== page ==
As previously noted, I re-presented the findings of the West Bend School District Private Task Force to a group of interested citizens in Jackson. The Washington County Insider streamed it live and has the recording and recap. You can find that here.
I thought the meeting went well and the Q&A was robust. With an audience of mostly folks from Jackson, there were a lot of concerns about how Jackson is perceived to be treated by the rest of the district, the economic impact of Jackson Elementary, and other concerns specific to Jackson. The most interesting discussion was about whether or not Jackson should break off and form its own district. One of the audience members shared that the Village Board approached the School Board about 20 years ago to discuss this and were dismissed out of hand. That’s unfortunate, but it is an interesting question to ponder. The rationale is that Slinger has about 5,000 citizens and has its own district. Jackson has about 5,700 citizens and does not. And the citizens of Jackson are frustrated with not being able to determine their own destiny regarding public schools.
The process to break off and create a new district is not easy. Essentially, the West Bend School Board would have to agree. If they don’t agree, then the electors can appeal and maybe can still get it done. Then they have to pass a referendum to borrow the money to build the new schools, and actually create a new district. In the case of Jackson, it may get even more complicated. Remember that the Village and Town of Jackson actually sits in three school districts – Germantown, Slinger, and West Bend. So if Jackson wants to stretch its district boundaries to include a larger tax base, they would need to get each relevant school board to agree. If you think getting one board to agree would be hard, imaging three. If Jackson just limits a new district boundary to the part that currently exists in the West Bend School District, then they are excluding a significant tax base to support the new district.
If Jackson can get through the process, then comes the reality of building a new district. Let’s just do some simple math. I don’t have easy data for how many school age kids are in Jackson and it would really depend on where they draw the line. But there are 351 kids in the K-4 Jackson Elementary. Figure that means that with an even distribution, there are about 70 Jackson kids in each grade level. That’s a total of 910 kids. So… if there are 910 kids in the new district and they spend $10,000 per kid (that’s below the state average of $11,071), then the annual spend for the new district would need to be about $9.1 million. Of that, the state taxpayers will pay a portion. How much? No idea. But as a relatively property rich district, I would venture to say that it would be less than half. To be generous, let’s say that the state taxpayers would pay half of the cost, so local property taxpayers would have to pay $4,550,000 per year to support the district. That’s just operating cost and does not include the initial construction costs.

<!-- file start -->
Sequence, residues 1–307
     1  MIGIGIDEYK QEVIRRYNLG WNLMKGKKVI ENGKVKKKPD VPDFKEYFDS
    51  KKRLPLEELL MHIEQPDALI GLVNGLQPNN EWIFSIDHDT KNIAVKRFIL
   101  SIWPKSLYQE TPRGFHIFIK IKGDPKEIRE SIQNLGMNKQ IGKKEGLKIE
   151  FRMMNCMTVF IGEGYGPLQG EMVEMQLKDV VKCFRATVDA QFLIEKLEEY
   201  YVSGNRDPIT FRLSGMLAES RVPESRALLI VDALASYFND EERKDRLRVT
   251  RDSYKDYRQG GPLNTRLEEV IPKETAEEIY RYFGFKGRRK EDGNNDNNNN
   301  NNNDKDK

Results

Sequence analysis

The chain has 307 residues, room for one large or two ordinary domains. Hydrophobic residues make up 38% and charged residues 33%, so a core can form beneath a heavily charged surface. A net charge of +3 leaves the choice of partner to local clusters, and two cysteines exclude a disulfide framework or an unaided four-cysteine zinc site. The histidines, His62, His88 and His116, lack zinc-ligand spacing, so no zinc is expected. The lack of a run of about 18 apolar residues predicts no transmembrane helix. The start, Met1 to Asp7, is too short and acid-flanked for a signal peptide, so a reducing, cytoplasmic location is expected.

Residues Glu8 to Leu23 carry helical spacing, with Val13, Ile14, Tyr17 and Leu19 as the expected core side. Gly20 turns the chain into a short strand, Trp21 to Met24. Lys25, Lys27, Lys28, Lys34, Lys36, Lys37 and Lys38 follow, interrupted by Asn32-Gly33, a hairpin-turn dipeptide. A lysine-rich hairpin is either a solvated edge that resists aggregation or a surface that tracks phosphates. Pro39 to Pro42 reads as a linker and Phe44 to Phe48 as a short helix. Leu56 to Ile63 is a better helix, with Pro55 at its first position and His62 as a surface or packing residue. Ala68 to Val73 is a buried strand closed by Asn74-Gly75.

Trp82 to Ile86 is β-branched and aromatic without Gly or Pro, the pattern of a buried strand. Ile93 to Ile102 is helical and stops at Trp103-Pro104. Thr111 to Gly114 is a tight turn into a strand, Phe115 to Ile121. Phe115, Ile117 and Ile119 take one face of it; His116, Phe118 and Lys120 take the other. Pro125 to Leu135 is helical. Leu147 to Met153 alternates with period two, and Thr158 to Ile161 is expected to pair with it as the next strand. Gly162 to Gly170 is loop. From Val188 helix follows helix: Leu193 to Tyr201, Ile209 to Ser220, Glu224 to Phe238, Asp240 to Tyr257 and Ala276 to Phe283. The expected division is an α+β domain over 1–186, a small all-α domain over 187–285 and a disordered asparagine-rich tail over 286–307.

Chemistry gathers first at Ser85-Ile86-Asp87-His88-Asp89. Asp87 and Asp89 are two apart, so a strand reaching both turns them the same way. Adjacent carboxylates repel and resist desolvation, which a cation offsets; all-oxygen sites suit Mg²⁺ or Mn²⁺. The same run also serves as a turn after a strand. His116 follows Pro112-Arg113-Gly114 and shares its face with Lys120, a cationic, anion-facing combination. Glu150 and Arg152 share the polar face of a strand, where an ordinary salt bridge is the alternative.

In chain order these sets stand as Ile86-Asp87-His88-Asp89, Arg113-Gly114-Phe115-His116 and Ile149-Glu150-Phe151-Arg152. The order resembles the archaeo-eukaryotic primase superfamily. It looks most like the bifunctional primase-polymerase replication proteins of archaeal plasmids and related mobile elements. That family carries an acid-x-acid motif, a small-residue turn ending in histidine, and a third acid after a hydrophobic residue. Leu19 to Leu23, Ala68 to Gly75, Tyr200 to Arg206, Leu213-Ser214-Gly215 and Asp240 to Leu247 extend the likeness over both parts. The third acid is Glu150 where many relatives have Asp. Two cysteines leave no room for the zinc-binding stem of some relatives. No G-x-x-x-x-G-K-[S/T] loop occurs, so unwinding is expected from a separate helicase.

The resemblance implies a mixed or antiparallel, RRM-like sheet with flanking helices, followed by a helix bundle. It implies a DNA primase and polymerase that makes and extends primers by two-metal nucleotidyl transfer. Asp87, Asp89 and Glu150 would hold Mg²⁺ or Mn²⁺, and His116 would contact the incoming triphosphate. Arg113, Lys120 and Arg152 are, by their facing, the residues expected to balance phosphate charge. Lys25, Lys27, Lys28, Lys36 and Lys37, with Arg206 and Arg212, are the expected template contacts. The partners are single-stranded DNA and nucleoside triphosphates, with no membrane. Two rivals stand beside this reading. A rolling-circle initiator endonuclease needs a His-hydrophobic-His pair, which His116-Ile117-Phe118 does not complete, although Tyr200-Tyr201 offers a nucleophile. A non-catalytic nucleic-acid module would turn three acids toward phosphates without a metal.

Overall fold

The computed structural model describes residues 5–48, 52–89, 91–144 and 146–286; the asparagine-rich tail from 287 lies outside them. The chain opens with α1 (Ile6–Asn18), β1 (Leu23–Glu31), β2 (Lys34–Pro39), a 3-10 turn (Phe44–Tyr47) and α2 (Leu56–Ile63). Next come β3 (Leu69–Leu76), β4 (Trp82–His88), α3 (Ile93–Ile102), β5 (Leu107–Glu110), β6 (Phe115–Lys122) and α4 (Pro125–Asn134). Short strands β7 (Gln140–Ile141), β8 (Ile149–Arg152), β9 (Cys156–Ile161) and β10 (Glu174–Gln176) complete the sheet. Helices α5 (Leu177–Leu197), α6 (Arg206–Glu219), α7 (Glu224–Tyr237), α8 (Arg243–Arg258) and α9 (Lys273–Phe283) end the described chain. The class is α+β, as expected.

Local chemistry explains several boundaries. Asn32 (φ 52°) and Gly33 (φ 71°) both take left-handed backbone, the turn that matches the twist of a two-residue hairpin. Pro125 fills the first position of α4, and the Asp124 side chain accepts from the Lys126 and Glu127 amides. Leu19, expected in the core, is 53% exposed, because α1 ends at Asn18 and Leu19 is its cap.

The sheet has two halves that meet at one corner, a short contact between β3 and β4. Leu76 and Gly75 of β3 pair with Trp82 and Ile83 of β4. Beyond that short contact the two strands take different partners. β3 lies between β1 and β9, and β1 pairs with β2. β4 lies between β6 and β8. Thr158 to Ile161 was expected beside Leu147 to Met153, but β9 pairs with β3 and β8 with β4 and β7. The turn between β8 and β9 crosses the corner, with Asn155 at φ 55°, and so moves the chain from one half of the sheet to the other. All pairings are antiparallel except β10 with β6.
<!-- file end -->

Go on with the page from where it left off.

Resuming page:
Still with me? OK, so here is the most recent property values of the municipalities in the West Bend School District:
So let’s say that best case, both the Village and Town of Jackson create their own district. That’s an equalized value of $950,334,000 of equalized value. To generate $4,550,000 of annual tax revenue, it would take a mill rate of 4.79 – or $4.79 for every $1,000 of property value. For a $200,000 house, that would be a tax bill of $958 per year. For comparison, the West Bend School District has a mill rate of 7.97.
With these set of assumptions, it might make financial sense for Jackson to create its own district. Of course, those assumptions may change radically. For example, if it is only the Village of Jackson and does not include the Town of Jackson, then the tax base is cut in a third. And if the taxpayers only pay for 20% or 25% of the annual cost, then the balance would have to come from the local property taxpayers. Or if they decide to spend $12,000 per child or $8,500 per child, the costs would change dramatically.
In any case, if the folks in Jackson are serious about this, they will need to figure out what they want the end state to look like and then run the approval process gauntlet. It would be an interesting evaluation. And as I said in the meeting, I would hope that the beginning and ending consideration from both the folks in Jackson and those on the West Bend School Board would be what is in the best interests of the most kids.